Category Archives: Heat

September slips away quietly

A tranquil Monday is September’s parting gift to the Wichita area.

Wichita recorded 2.03 inches of rain in September. That’s slightly more than an inch below normal. Thanks to the month of monsoon weather in late July and early August, however, at 36.20 inches Wichita is still more than 9 inches above normal for the year.

Wichita hit 100 twice in the month, taking the total for 2013 to 13. There were 11 other days above 90.

A map reflecting this week’s heat forecast

The National Weather Service has created a map reflecting temperatures anticipated across much of Kansas later this week.

Farmers will be cutting wheat in some parts of the state with temperatures above 100.

100s hit western Kansas

The high-pressure dome that signals summer’s arrival will baste western Kansas in triple-digit temperatures as the week unfolds.

Temperatures may reach 105 in southwest Kansas today and Tuesday, forecasters say, with similar highs possible Tuesday in northwest Kansas.

In fact, 100s could stretch through most of the work week in southwest Kansas.

Wichita, meanwhile, could flirt with 100 on Tuesday.

Summer’s heat on its way

Here’s a graphical depiction of the summer-like heat pushing east early this week:

New year, same ol’ sizzle in Hill City

Hill City, which set numerous heat records last year, is at it again.

The thermometer hit 100 today in the northwest Kansas town, breaking the previous high temperature record of 96 set back in 1948.

Across the Nebraska state line, McCook also hit 100 and shattered its record high.

Sunday ties a record in Wichita

The high temperature of 89 on Sunday in Wichita tied a record that stood for more than a quarter-century.

The record for October 21 was originally set in 1978, according to the National Weather Service.

How’d the Farmers Almanac do in predicting the weather for 2012?

Are you among the folks who get the Farmers Almanac for its weather forecasts? You wouldn’t be alone.

There are those who swear by the almanac’s uncanny ability to forecast the coming year’s weather accurately. But those folks might be swearing for different reasons these days. A review of the almanac’s forecast compared to what actually happened shows the Farmers Almanac whiffed mightily on 2012.

The analysis was done by Jan Null of Golden Gate Weather Services.

This summer was third-hottest for contiguous U.S.

This was the third-hottest summer on record for the contiguous United States since record-keeping began in 1895, according to the National Oceanic and Atmospheric Administration’s National Climatic Data Center.

The average temperature for the “lower 48″ states between June and August was more than 74 degrees, more than 2 degrees higher than the average for the 20th Century. Only the summers of 2011 and 1936 had higher summer temperatures for the contiguous U.S.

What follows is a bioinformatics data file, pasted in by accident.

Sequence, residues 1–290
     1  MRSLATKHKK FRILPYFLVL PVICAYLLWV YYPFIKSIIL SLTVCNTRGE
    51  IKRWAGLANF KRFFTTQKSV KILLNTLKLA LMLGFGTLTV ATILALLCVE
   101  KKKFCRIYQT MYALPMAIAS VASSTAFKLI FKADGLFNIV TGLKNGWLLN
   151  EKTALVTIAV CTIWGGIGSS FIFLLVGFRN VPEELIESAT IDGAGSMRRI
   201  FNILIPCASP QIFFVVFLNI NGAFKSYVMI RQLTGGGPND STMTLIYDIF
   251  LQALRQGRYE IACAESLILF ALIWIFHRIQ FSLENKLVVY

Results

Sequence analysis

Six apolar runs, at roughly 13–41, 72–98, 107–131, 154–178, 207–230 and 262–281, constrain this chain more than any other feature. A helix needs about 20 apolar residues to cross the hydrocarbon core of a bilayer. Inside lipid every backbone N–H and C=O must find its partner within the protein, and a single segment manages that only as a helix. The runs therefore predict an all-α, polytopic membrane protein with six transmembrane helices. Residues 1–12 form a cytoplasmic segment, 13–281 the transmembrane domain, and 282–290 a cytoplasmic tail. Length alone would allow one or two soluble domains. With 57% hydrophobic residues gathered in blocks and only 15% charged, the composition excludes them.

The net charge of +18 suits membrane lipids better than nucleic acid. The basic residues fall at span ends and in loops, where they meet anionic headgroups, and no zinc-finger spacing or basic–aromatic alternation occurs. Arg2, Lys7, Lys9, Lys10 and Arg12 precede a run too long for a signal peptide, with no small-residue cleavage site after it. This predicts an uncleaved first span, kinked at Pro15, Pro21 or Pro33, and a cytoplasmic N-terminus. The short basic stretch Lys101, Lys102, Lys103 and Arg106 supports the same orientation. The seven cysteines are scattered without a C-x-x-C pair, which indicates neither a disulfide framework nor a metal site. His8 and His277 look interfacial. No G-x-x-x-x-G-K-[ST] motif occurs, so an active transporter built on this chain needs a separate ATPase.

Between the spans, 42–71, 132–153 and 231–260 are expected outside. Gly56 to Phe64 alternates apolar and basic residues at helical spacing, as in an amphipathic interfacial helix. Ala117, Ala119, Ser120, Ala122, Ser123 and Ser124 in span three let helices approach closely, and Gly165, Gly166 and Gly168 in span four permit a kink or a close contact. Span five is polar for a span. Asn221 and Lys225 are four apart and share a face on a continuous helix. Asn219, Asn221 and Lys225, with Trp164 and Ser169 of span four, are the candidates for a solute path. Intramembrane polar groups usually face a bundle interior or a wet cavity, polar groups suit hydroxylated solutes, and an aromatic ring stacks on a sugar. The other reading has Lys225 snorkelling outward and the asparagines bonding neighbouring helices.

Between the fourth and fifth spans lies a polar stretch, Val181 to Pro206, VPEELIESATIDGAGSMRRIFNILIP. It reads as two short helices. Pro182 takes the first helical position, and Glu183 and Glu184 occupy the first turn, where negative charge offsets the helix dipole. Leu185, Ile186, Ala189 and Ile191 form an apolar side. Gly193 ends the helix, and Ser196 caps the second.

Wednesday reached 104…

…… Wichita, hoisting the number of triple-digit days this year to 34.

But 100s don’t re-enter the forecast for the Wichita area until next Wednesday, so residents will welcome these cooler temperatures.

July muscles its way up the heat charts in Wichita


That’s the word the National Weather Service in Wichita used in its monthly summary to describe the heat that closed out July.

A closer look at the numbers for July shows why: the 2012 edition has few peers in Wichita’s climate history.

After a rather modest beginning, the month transformed into a monster over the final two weeks. By the time it ended, July had 21 days of triple-digit temperatures.

Only two years recorded more 100s in July – 1980 and 2011, with 24 each.

Wichita hit 100 or more 14 of the last 15 days of July and set or tied record highs four times in six days at the end of the month.

The month’s average high of 102.2 ranks 2012 fourth all-time in recorded Wichita weather history. Only 1980, 1954 and 2011 topped this year.

The average temperature of 88.2 tied 2012 with 1934 for fourth place on the list of Wichita’s hottest Julys. That list is topped by 1980, with 2011 next and then 1954.

Wichita also set or tied two marks for warmest lows, on July 29 and 30.

Little more than a quarter-inch of rain fell at the National Weather Service office in west Wichita, making this July the sixth-driest on record.

It’s too soon to say August will simply be more of the same, weather service meteorologist Andy Kleinsasser said. Triple digits are expected through Saturday, but a strong cool front is expected to bring showers to the area this weekend.

One forecast model suggests the dome of high pressure that has cooked Kansas for the past few weeks will shift to the south and west, allowing cooler temperatures to dominate next week after the showers move through. But another indicates the dome will clamp back down “and crank the heat right back up,” Kleinsasser said.

We’ll find out the answer soon enough.